Sometimes, it is extended to the ordinal form, as in first, second, third.
However, counting, although a baseline element of number, is not the be all and end all of maths, but it is one aspect to which children regress, if they are less secure in developmental stages.
On entering my first Primary classroom, the maths resources were based on matching and grouping cards, similar to the cotton reel picture below, with many different variations on real objects and clip art pictures, which then had to be matched, as 1:1 correspondence with some kind of counting material, as in picture 2, with the reels removed.
This exploration and "replacement" of one element with another, is an essential step on the road to more abstract interpretation and manipulation of ideas that have their base in the real world.
Before moving on, try to estimate how many reels there were, either from the picture or the counters. I wonder how many readers will have automatically counted them?
Essentially the learner has to understand that they are effecting a change of state, where the number that you started with is acted upon by an "instruction".
Addition, already encountered in the counting system, essentially entails the understanding that the original number is being enlarged by a specific amount. this can entail counting on from the "conserved" number, not from 1. If a child regresses to counting from 1 they have not secured conservation of number.
Linking the counting element to some kind of number based visual system, like Dienes or Numicon, adds another visual, but this can lead to visual representation, diagrammatic modelling, which can then be transposed to the number system.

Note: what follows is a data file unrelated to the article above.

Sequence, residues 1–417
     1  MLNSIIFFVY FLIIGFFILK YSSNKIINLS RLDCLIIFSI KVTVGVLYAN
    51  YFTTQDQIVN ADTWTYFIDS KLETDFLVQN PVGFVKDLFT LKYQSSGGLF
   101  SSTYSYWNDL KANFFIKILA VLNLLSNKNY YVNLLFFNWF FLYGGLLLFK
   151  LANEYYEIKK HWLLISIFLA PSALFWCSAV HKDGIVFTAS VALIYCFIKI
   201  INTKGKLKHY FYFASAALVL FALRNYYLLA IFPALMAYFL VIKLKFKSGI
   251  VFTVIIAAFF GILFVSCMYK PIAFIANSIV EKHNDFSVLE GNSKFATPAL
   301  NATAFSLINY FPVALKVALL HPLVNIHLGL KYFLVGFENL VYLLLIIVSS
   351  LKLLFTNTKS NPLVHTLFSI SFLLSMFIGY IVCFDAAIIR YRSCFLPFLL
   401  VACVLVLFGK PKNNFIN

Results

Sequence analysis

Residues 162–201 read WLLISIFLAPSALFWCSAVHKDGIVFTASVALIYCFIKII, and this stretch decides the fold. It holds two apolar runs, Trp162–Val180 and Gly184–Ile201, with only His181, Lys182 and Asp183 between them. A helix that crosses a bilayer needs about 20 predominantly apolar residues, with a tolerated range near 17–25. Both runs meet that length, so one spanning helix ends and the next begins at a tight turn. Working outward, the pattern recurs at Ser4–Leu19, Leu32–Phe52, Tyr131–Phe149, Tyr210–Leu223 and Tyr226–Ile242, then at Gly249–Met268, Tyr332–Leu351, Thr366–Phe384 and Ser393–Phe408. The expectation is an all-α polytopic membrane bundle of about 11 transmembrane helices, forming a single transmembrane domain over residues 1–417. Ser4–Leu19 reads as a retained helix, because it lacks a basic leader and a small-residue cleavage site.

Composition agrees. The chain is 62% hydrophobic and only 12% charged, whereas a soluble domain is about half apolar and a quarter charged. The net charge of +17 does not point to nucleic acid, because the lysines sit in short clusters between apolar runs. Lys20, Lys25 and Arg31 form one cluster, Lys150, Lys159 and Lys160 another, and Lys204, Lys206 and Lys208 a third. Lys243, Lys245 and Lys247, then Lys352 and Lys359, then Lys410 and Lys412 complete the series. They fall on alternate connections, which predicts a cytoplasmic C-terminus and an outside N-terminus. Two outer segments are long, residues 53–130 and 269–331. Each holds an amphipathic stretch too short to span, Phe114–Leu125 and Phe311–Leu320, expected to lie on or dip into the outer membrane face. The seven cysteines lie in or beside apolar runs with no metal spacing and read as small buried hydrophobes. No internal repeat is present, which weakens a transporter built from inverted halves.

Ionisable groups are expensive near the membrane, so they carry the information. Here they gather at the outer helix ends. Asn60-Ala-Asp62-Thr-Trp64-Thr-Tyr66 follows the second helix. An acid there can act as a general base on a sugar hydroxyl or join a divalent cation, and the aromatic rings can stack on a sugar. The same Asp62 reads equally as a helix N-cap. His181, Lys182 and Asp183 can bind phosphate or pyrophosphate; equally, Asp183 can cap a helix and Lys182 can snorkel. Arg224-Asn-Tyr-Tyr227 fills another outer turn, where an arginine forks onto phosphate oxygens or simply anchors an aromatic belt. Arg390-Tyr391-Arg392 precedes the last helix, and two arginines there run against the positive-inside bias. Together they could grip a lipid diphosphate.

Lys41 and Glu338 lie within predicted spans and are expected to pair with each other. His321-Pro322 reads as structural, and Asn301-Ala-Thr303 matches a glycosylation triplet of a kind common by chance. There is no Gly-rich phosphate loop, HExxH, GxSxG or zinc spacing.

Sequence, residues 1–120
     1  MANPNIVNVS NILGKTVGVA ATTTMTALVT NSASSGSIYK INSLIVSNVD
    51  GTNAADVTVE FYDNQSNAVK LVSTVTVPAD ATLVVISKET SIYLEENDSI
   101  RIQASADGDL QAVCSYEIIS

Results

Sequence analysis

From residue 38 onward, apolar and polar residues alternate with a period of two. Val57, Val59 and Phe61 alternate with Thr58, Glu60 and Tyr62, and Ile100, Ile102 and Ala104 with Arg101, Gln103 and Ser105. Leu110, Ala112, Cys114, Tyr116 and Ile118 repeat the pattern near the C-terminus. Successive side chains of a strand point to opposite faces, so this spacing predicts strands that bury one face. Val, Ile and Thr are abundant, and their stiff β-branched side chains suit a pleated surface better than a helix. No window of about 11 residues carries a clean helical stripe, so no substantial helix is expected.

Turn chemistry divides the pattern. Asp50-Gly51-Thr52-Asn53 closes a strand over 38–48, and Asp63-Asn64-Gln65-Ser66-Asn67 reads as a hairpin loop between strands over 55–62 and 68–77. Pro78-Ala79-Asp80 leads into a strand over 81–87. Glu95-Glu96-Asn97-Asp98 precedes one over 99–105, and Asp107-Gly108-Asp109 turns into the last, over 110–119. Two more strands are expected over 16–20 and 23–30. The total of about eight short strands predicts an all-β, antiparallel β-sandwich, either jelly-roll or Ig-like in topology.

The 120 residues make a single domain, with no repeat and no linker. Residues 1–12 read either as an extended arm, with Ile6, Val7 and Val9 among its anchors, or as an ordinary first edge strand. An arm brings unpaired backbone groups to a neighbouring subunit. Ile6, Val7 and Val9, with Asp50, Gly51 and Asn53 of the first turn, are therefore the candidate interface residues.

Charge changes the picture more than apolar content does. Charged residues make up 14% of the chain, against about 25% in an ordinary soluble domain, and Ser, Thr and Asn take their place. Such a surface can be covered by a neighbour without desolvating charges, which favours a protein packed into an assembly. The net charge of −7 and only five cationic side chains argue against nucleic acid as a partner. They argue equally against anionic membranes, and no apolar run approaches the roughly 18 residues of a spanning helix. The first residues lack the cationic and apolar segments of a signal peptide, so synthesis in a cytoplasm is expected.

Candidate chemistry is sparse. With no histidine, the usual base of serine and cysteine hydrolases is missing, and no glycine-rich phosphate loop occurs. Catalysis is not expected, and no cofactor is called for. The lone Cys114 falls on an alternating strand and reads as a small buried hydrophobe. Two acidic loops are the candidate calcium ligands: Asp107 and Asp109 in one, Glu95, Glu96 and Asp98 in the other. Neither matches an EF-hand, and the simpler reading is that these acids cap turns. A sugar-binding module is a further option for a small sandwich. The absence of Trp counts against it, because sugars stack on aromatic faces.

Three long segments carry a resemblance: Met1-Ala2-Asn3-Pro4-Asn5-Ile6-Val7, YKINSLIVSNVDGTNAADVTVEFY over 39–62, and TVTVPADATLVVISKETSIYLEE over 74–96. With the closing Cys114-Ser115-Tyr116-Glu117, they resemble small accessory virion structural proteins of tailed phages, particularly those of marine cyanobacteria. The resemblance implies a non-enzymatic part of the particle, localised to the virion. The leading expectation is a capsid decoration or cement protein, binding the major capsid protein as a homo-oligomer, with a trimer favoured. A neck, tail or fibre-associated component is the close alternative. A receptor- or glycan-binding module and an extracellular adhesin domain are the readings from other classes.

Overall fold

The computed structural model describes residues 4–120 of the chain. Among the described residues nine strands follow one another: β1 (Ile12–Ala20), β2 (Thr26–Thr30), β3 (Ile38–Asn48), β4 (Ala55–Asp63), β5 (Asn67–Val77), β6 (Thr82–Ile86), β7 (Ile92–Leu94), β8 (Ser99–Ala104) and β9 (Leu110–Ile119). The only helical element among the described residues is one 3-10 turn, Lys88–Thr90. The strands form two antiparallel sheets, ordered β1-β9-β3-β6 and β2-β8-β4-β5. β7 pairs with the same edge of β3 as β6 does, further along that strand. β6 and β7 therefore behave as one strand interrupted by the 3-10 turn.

"Greater than, less than, difference between", are all underlying concepts that are explored early in a child's maths experience. Difference between does not need to imply subtraction, but often is presented as such, which can introduce unnecessary complications and potentially remove effective methodologies.
In my early classrooms, where "maths resources" may have been picked up during a walk at the beach or the woods, a trip to a charity shop, or some other means of sourcing artefacts or counting supports, improvisation was needed.
Any form of counting material enabled exploration of arrays, underpinning the commutative law , that 3*4=4*3
Equally, we sometimes explored square numbers as in the picture below.
The principle that maths is everywhere is an important one. It should not exist in the purity of the maths lesson, but needs to demonstrate that what is learned in maths has application across many areas of life.